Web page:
Five minutes into my investigation of Finnish saunas at the Helsinki Airport on my way back to Stockholm, I realize I clearly did not do my research about this national cultural tradition before coming here. Some fun factoids I learned about the Finnish sauna experience - enjoy!
- The very word ‘sauna’ is Finnish; some records have sauna usage in Finland going back to the 5th century (at a time when other Europeans hardly ever bathed, Finns were using saunas at least once a week)
- Wearing anything or carrying a towel into a sauna is bad form, yet saunas have no association to sex and are considered one of the most holy places (no swearing allowed, or else the sauna elf / saunatonttu may be offended…)
- There is one sauna for every 2.5 Finns - over 2 million in the country, more than the number of cars, this is ridiculous
- Saunas can be found on vacation homes, in private apartments (including my friend Iikka’s), offices, and even at Parliament and 1500 feet below ground in a mine
- Saunas can reach temperatures of 100°C The relatively dry nature of the heat (water poured on hot stones) prevents the heat from scalding the bathers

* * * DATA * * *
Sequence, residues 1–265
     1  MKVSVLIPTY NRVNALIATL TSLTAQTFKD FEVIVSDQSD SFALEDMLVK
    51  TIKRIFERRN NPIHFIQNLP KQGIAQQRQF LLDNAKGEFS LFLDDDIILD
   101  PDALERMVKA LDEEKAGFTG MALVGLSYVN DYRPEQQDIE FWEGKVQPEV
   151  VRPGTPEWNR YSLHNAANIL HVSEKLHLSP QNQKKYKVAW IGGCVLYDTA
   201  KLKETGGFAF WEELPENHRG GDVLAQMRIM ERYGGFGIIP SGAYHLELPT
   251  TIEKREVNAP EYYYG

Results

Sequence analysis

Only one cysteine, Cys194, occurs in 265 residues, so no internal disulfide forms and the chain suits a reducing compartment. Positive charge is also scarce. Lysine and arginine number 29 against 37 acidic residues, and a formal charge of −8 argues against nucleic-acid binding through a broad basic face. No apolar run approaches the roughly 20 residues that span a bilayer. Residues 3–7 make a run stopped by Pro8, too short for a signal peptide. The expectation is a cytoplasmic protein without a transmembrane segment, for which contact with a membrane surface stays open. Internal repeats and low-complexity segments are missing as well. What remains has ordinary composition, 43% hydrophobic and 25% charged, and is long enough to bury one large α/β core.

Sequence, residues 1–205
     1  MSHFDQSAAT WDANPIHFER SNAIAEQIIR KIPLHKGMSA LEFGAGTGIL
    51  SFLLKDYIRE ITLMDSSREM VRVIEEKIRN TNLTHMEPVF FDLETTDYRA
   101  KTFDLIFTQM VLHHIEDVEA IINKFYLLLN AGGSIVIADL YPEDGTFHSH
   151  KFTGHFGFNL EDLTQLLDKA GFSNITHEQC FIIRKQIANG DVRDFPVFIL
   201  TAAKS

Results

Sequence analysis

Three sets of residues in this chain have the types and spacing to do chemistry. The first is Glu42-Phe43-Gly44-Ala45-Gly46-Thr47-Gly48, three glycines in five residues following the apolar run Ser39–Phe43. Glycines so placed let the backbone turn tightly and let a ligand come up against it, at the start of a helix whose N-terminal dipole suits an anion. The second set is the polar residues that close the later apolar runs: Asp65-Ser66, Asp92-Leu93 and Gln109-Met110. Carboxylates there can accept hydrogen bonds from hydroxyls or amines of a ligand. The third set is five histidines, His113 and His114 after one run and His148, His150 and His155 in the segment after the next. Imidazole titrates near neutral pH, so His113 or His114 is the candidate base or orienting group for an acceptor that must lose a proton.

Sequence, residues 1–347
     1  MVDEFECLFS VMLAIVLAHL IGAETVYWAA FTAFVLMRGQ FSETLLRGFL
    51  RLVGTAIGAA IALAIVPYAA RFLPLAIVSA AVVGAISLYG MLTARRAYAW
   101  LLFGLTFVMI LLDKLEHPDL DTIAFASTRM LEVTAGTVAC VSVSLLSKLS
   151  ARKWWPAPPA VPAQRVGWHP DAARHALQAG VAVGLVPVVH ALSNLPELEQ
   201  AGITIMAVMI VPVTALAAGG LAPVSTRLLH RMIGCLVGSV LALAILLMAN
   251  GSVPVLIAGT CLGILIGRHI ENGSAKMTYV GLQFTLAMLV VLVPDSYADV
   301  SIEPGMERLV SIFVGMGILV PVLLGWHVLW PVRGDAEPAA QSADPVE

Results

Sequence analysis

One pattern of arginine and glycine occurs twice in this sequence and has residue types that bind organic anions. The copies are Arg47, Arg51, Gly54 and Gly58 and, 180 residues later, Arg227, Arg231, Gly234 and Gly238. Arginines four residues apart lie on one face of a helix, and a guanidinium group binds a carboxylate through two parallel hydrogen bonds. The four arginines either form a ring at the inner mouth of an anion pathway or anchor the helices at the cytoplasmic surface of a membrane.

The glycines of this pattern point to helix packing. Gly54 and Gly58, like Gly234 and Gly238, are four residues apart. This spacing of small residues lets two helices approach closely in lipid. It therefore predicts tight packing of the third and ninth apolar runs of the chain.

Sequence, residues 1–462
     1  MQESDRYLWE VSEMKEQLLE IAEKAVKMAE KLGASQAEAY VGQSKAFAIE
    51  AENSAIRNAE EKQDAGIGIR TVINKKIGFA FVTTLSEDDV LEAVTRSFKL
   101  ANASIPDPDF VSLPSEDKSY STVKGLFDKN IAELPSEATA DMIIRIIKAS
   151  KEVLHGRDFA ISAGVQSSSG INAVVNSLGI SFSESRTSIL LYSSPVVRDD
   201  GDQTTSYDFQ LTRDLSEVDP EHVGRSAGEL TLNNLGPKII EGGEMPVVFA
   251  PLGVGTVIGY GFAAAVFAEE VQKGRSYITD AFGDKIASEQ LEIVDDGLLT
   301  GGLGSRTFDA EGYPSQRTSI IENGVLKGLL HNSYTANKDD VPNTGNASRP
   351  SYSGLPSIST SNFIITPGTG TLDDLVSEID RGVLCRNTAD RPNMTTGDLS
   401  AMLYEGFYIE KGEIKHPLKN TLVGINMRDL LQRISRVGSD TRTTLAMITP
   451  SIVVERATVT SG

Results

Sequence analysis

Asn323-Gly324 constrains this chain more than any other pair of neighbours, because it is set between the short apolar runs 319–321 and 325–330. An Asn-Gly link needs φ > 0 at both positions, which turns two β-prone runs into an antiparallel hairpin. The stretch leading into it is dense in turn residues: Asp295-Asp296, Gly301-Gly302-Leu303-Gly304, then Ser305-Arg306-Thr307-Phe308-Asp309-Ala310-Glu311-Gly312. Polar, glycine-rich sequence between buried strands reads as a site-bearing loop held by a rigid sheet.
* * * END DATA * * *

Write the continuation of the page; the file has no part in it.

- Women used to give birth in the sauna because it was warm and sterile. Unrelatedly, successful business negotiations are often celebrated with a sauna
- People often sit in the sauna in silence. When they get bored of this, they beat themselves lightly with fragrant birch branches
- When people start getting uncomfortable with the heat of a sauna, they either (as available) jump in a cold lake or a hole in the ice or roll in the snow. Eating a sausage and drinking beer and/or a shot of a vodka-like Finnish spirit are also typical. After all this, they often go back into the sauna, rinse and repeat
Now you know, and now I need to go back to Finland.
UPDATE: Saunas may be found in areas with high Finnish populations - Northern Minnesota, Northern Wisconsin, and the U.P. of Michigan,